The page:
Fighting on the Western Front in the fall of 1914 is often known as the “Race to the Sea.” The term is ironic; both sides, clinging to a military philosophy that held true a century earlier in the Napoleonic Wars, were trying to mass sufficient troops at the enemy’s northern flank, only to find that the enemy was simultaneously trying to do the same thing. This blow-by-blow extension of the front lines through Belgium became easy fodder for jokes about the combatants’ efforts to reach the coast first. The effort to outflank the enemy culminated in the First Battle of Ypres at the end of October, and left in its wake the stagnation of trench warfare.
In one respect, the irony of the “Race to the Sea” held true: in late September, the Germans had taken an interest in the ports on the North Sea. It was the combined efforts of the French, British and Belgians that interfered with German plans, and while French and Belgian forces were supported by home territory, British forces were being ferried across the English Channel. If the Germans could slow the delivery of British troops and supplies, it might yet be possible to gain the upper hand against the French and Belgians. Dunkirk, Calais and Boulogne were the primary ports of disembarkation; and so, when Erich von Falkenhayn assumed the role of Chief of Staff on September 14, these became priority targets.
At the same time, the Channel ports figured substantially in Allied planning. Because these ports served as the main avenues of reinforcement and resupply for the British Expeditionary Force (BEF), it only made sense for the British to concentrate their forces nearby. In September 1914, doing so also accomplished another end: if the British could safely extract their forces from positions further south and concentrate them in the north, they might be able to strike a powerful blow at the German right flank, and begin to push the Germans back.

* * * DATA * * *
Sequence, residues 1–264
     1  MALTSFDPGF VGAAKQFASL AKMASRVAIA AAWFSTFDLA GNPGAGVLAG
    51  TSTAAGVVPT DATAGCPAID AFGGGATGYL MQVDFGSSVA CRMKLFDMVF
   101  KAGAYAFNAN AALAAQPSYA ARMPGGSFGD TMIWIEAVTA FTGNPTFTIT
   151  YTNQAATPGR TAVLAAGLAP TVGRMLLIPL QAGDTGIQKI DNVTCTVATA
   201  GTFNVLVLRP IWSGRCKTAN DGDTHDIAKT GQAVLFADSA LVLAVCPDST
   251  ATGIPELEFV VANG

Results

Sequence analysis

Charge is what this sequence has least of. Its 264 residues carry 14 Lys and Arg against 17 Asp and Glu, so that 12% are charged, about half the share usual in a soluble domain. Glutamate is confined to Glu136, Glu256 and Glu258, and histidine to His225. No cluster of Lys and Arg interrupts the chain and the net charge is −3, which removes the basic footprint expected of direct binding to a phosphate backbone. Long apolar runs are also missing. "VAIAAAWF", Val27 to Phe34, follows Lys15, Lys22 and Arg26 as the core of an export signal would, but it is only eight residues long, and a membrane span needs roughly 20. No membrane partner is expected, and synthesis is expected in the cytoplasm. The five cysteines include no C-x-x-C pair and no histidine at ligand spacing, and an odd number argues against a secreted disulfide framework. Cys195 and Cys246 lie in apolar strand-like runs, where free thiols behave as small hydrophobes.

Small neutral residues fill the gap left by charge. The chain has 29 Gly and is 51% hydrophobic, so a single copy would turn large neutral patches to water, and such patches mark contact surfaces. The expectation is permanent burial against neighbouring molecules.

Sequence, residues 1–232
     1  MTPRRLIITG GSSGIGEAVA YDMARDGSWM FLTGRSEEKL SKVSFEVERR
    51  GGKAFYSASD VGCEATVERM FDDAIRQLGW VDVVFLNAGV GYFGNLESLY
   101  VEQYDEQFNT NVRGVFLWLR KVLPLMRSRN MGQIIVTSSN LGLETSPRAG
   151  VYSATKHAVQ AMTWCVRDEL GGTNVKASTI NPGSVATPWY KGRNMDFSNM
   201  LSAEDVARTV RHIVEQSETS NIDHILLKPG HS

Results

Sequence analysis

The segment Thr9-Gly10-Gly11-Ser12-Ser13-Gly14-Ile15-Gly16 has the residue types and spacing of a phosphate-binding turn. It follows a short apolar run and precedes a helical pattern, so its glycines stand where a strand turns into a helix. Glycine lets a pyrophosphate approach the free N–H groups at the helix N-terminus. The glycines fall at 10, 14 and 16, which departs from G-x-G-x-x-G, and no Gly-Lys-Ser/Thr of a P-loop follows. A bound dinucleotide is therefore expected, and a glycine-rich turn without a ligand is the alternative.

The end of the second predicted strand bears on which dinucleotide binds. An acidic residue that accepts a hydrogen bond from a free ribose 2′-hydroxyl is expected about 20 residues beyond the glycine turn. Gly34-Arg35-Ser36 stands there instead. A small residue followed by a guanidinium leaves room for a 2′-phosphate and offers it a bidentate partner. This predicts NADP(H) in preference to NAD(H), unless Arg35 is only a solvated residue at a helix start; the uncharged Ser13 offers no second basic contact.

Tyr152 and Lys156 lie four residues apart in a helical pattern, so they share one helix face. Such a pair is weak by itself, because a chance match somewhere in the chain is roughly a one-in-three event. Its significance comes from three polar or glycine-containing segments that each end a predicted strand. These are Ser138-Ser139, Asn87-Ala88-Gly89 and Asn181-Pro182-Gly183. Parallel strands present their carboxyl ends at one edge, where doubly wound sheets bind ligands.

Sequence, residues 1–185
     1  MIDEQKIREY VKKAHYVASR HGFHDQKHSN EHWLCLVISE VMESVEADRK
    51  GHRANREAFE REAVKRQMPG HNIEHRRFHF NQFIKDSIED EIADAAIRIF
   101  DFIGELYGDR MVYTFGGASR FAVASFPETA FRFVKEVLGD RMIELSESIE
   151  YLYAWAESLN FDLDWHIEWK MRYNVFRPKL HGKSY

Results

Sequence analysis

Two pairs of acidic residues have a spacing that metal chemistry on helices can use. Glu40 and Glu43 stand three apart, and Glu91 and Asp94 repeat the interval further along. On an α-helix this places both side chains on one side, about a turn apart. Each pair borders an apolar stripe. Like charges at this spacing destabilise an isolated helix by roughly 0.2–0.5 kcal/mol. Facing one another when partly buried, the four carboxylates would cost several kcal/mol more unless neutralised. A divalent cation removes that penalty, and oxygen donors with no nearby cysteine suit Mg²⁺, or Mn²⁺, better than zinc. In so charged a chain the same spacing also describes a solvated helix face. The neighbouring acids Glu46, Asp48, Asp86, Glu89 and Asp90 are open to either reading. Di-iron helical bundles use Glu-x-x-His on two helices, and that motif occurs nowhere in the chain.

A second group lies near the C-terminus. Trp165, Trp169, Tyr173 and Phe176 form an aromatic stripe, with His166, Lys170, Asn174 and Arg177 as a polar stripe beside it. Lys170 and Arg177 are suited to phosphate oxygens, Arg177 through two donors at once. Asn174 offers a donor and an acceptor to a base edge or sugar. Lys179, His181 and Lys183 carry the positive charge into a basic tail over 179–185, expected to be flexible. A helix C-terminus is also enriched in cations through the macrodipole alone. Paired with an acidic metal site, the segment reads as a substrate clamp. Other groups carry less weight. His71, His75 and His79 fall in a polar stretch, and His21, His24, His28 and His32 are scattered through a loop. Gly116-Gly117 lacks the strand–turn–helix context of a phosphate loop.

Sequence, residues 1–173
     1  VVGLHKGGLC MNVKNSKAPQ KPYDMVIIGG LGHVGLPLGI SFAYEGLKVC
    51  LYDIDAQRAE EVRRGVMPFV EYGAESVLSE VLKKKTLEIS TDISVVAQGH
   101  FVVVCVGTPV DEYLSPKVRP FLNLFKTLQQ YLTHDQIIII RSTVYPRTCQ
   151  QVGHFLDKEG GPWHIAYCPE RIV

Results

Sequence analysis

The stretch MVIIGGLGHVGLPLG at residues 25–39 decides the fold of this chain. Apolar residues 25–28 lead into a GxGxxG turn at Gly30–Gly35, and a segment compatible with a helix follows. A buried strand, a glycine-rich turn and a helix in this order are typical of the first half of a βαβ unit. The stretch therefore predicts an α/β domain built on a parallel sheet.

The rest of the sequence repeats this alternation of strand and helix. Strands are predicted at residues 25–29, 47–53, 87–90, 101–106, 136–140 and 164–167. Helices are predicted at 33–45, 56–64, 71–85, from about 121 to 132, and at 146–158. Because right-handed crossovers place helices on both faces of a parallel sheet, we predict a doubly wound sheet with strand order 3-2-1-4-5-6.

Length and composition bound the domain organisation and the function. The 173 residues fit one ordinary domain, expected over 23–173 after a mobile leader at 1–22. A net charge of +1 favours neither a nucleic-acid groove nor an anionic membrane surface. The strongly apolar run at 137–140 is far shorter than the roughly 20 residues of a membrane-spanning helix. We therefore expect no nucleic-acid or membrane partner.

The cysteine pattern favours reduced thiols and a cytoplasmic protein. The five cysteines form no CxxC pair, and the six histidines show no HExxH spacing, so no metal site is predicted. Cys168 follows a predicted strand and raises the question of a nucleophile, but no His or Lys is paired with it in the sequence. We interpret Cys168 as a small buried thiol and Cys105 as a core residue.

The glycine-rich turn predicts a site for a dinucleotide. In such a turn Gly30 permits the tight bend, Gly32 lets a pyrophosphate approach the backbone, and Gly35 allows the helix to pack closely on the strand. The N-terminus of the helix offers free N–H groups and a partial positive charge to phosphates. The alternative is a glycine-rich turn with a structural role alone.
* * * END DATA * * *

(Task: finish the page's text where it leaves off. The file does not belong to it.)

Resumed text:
The French agreed, and the exchange of French for British forces in the southern positions proceeded seamlessly. In part because the Germans were transporting substantial forces to the north for their own objectives, it became easier to hold the southern positions with fewer forces, and the Allies felt that they had good chances of giving the Germans a surprise in the north.
While the English redeployed, the Germans made a serious push in Belgium. After capturing Antwerp, they drove on the River Yser. King Albert of Belgium had already chosen the Yser as the defensive line for his army, despite efforts on the part of the French to persuade him to deploy his men deeper inland, where they might be more useful to a French offensive. Making full use of the opportunities afforded by the river, the Belgians opened the locks along the eastern bank of the river, flooding the river valley from Nieuport to Dixmude. The sudden flood halted the northern part of the German advance by October 24, killing thousands of soldiers and engulfing large quantities of supply.
Prior to this setback, the Germans had been advancing on a wide front. Forces approaching La Bassee and Armentieres stalled their advance in mid-October. While the fighting there would continue until the beginning of November, the Germans considered the northern part of the line to be their best chance of making a breakthrough. The flooding of the Yser then constricted the front to a zone between Dixmude and Armentieres. This was, however, an area where maneuver was still possible.